Freddie Highmore is also, once again, superb, as he’s asked to perform an actor’s nightmare: shivering inside a silent, cold metal coffin, which leaks in the rain and seems to draw him further and further into a psychotic episode, one fueled by solitude, bad weather, endless quotation of Double Indemnity and a single cheap sandwich and water (the accomodations provided Norman are bracingly pathetic).
What instead happens is that Norman has a breakthrough, and discovers that he did kill Miss Watson, no ifs ands or buts. I like that in two seasons, Carlton Cuse and company have demonstrated that they’re not married to the mysteries in their mythology: if dramatically it makes sense to get an answer, we’ll get an answer. This is exciting, and it points the way to what’s certainly going to be an unpleasant confrontation between son and mother, given that Norman probably very well could blame Norma for the murder instead of himself (if only she hadn’t kept things from him, etc, etc).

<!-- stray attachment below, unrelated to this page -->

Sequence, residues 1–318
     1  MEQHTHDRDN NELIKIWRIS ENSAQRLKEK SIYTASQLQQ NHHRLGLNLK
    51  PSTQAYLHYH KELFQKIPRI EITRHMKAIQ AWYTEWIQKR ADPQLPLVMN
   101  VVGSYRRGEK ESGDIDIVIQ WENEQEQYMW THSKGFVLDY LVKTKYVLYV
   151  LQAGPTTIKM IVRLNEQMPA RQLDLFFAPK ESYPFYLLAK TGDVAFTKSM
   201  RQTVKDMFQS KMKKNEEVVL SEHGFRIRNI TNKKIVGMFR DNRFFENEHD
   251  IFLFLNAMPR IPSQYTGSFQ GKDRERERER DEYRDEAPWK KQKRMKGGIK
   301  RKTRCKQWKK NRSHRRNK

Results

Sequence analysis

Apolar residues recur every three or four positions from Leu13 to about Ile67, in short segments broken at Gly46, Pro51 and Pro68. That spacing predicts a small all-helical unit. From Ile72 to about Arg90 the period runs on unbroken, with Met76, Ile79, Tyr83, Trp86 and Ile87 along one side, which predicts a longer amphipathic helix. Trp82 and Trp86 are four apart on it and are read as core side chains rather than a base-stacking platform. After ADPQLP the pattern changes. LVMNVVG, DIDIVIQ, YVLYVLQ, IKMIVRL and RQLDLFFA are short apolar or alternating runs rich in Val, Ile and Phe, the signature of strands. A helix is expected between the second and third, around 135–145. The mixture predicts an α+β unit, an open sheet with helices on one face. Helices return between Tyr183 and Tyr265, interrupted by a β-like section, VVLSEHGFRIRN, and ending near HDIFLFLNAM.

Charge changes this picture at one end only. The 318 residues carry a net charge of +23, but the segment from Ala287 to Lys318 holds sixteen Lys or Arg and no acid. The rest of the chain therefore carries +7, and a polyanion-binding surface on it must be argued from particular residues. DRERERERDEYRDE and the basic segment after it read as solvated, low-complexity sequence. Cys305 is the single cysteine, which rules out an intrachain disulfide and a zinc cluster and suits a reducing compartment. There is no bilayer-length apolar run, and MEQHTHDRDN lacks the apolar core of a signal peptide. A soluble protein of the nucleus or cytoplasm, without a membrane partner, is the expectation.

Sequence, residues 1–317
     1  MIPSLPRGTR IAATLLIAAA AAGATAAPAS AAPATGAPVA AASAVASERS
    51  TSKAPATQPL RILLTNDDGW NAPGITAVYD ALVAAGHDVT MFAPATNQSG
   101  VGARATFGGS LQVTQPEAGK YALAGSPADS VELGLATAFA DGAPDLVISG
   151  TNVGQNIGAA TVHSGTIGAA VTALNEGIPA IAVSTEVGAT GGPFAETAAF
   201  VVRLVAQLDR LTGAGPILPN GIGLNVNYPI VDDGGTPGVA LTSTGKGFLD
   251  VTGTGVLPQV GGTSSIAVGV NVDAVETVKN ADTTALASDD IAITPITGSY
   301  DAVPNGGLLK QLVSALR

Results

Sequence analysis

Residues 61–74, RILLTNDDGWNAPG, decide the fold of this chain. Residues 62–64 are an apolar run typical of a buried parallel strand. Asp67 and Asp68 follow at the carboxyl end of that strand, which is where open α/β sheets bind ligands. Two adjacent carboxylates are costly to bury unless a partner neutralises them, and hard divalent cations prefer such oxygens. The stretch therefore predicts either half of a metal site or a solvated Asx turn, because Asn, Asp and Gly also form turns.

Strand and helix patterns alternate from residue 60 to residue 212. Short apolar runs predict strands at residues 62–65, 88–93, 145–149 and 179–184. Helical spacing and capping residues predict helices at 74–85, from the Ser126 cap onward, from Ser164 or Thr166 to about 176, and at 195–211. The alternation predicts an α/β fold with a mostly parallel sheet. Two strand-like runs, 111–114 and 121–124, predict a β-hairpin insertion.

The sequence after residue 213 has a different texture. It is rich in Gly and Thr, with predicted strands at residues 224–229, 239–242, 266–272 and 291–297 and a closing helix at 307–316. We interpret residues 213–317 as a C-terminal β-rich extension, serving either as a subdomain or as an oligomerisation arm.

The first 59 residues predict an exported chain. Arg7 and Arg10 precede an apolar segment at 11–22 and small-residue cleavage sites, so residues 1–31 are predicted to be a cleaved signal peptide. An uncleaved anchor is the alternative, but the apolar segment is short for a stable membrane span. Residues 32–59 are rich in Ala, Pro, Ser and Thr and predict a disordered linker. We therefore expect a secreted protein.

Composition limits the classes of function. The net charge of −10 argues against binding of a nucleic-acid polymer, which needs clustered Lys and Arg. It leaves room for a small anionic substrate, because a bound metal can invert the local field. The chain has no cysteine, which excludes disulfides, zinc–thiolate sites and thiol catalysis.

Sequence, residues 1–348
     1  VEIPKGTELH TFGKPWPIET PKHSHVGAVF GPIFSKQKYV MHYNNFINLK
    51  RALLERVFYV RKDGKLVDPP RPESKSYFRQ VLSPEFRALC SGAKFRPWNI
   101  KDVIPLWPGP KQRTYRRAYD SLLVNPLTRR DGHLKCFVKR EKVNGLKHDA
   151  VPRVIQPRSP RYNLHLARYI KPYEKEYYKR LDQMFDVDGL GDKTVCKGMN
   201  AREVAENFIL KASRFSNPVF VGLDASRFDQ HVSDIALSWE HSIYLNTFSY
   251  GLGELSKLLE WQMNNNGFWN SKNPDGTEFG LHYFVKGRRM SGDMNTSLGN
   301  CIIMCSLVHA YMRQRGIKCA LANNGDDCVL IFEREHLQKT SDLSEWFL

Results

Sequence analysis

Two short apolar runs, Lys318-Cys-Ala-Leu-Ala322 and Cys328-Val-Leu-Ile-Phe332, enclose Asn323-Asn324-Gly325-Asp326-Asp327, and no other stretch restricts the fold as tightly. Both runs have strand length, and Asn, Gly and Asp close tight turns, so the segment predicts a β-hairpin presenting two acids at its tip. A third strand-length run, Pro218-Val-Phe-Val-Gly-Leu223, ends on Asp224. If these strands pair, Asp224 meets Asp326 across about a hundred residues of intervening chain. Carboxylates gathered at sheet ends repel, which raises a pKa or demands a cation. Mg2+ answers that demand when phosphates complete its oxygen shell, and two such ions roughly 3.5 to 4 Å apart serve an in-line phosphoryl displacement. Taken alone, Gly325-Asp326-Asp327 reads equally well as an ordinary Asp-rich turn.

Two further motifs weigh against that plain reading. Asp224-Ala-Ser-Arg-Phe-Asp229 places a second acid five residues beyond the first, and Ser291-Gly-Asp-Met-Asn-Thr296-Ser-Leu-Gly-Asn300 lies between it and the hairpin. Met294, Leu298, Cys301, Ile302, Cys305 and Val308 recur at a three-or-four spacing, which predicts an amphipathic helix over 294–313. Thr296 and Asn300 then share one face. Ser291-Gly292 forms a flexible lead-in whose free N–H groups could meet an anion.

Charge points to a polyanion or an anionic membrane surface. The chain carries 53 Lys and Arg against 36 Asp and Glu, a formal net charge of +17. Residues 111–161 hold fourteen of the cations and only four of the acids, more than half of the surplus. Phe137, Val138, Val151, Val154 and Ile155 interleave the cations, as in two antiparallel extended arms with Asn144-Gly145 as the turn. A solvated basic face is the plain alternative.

We get another answer this week as well: is Dylan’s story finally going to fulfill a purpose? Indeed. Dylan’s another one who is abused beyond all measure this week. He takes seriously the threat on Norman’s life and approaches Jodi to get her blessing on taking out Zane. But fortune is sometimes funny. During a nicely tense sequence Zane, somehow aware of what’s going on, practically dares Dylan to try to kill him, and the boy cleverly deflects the suspicion and begins to plot to himself how he’s going to take out Nick Ford. This he eventually does, in a confrontation so close and visceral that it serves richly-needed poetic justice to Dylan, who wanted to join a drug empire but wanted desperately to keep his hands clean. Where this leaves Dylan within the company is uncertain, however. Did Jodi snitch him out to her brother? Will Zane still trust him? What’s going to happen? For once, when it comes to the drug storyline, I’m rather curious to know.